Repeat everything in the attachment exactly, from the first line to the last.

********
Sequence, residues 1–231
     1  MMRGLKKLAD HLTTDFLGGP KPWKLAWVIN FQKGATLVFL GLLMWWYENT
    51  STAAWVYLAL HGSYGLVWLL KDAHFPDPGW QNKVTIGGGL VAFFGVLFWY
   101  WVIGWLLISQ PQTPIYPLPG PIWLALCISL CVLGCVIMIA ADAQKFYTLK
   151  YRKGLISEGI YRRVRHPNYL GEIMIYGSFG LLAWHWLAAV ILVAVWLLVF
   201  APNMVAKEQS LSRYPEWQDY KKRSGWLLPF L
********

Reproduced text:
Sequence, residues 1–231
     1  MMRGLKKLAD HLTTDFLGGP KPWKLAWVIN FQKGATLVFL GLLMWWYENT
    51  STAAWVYLAL HGSYGLVWLL KDAHFPDPGW QNKVTIGGGL VAFFGVLFWY
   101  WVIGWLLISQ PQTPIYPLPG PIWLALCISL CVLGCVIMIA ADAQKFYTLK
   151  YRKGLISEGI YRRVRHPNYL GEIMIYGSFG LLAWHWLAAV ILVAVWLLVF
   201  APNMVAKEQS LSRYPEWQDY KKRSGWLLPF L